Guillaume ADENIER
Refutation of Bell's theorem
(38K, RevTex4, 8 pages.)
ABSTRACT. Bell's theorem is based on a linear combination of spin
correlation functions, each of these functions being characterized
by a different couple of arguments. The meaning of the
simultaneous presence of these different couples of arguments in
the same equation can be understood in two radically different
ways: either as a strongly objective meaning, that is, all
correlation functions are counterfactual properties of the same
set of particle pairs, or as a weakly objective meaning, that is,
each correlation function is measured on a different (and
contextual) set of particle pairs. It is demonstrated that once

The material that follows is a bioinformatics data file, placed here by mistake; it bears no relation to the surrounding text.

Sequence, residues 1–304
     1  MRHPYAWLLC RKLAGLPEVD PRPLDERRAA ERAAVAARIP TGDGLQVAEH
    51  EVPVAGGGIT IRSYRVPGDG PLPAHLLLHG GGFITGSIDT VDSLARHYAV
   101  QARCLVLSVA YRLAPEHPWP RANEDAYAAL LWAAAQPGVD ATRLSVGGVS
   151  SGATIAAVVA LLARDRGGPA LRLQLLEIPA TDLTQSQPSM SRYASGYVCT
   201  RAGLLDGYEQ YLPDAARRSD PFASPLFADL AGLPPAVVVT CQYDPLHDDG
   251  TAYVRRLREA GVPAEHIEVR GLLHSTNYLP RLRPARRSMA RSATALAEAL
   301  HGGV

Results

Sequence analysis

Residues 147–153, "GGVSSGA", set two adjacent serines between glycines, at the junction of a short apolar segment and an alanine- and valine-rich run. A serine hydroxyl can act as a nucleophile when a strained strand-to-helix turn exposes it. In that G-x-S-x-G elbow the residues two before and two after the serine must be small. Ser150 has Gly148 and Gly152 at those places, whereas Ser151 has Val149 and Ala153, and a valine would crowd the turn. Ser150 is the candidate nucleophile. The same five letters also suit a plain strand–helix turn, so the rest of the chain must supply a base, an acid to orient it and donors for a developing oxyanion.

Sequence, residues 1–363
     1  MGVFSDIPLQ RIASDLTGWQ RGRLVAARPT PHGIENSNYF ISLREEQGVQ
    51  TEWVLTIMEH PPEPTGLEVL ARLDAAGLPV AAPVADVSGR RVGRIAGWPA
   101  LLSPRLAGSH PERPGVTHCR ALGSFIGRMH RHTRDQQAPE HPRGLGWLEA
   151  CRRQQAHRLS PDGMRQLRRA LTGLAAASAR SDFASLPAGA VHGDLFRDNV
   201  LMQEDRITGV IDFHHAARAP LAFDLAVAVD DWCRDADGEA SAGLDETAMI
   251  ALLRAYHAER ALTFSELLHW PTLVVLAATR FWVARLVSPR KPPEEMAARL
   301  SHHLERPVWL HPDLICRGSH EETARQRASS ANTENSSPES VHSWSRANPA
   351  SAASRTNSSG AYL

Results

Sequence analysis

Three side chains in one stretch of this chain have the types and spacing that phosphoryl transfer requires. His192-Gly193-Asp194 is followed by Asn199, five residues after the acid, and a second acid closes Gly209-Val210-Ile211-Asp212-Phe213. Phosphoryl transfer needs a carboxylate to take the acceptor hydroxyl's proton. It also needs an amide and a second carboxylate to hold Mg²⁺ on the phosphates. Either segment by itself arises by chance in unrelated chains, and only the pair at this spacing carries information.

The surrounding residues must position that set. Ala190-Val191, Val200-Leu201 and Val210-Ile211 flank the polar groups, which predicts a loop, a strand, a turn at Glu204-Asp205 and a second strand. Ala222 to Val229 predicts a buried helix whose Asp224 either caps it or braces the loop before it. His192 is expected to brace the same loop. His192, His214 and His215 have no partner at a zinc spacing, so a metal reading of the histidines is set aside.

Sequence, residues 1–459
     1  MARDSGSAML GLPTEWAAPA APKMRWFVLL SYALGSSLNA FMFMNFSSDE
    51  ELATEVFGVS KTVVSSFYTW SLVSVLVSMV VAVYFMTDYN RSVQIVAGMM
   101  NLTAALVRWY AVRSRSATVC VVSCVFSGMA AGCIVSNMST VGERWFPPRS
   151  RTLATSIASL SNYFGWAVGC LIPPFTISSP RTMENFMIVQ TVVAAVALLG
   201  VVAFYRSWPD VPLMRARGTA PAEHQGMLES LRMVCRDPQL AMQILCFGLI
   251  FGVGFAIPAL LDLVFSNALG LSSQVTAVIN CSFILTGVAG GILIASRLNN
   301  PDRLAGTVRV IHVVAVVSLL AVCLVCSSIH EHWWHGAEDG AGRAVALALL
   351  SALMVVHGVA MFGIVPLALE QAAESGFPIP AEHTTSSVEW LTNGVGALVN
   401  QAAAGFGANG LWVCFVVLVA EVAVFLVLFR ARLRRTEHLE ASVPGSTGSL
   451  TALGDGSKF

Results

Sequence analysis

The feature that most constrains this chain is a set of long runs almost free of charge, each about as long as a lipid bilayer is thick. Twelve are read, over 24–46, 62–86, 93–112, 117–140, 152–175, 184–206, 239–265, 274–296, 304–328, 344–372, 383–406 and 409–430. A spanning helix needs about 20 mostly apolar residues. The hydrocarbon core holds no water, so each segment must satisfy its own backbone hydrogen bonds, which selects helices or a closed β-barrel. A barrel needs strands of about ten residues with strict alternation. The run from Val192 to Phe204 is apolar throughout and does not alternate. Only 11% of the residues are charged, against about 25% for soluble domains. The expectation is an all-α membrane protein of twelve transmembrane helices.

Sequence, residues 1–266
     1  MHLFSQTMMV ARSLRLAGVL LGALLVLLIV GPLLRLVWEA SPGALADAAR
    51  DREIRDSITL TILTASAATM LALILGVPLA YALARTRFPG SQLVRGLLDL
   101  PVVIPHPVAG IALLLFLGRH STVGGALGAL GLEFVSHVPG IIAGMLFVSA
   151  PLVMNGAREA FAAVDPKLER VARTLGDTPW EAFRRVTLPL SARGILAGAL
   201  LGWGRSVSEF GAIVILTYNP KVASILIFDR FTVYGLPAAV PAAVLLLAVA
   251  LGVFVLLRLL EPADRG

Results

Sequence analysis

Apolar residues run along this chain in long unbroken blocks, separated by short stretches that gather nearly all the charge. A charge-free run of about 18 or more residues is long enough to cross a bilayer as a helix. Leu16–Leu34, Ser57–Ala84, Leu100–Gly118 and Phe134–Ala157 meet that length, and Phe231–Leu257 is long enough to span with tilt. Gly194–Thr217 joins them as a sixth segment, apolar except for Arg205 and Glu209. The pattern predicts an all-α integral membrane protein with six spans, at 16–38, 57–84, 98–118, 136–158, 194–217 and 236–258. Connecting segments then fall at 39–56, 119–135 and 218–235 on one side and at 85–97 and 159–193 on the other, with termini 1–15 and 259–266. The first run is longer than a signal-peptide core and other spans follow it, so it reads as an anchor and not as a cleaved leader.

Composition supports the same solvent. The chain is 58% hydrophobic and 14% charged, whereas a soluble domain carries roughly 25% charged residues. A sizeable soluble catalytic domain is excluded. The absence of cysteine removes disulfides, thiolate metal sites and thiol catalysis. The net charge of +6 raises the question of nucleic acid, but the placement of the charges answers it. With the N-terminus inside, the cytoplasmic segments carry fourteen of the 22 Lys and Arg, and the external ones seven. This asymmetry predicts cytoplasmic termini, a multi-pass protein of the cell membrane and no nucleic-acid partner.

this meaning is explicated, no discrepancy can appear between
local realistic theories and quantum mechanics, and that the
discrepancy exhibited by Bell's theorem is due to a meaningless
comparison between the local realistic inequality written within
strongly objective interpretation (thus relevant to a single set
of particle pairs) and the quantum mechanical prediction written
within weakly objective interpretation (thus relevant to several
different sets of particle pairs).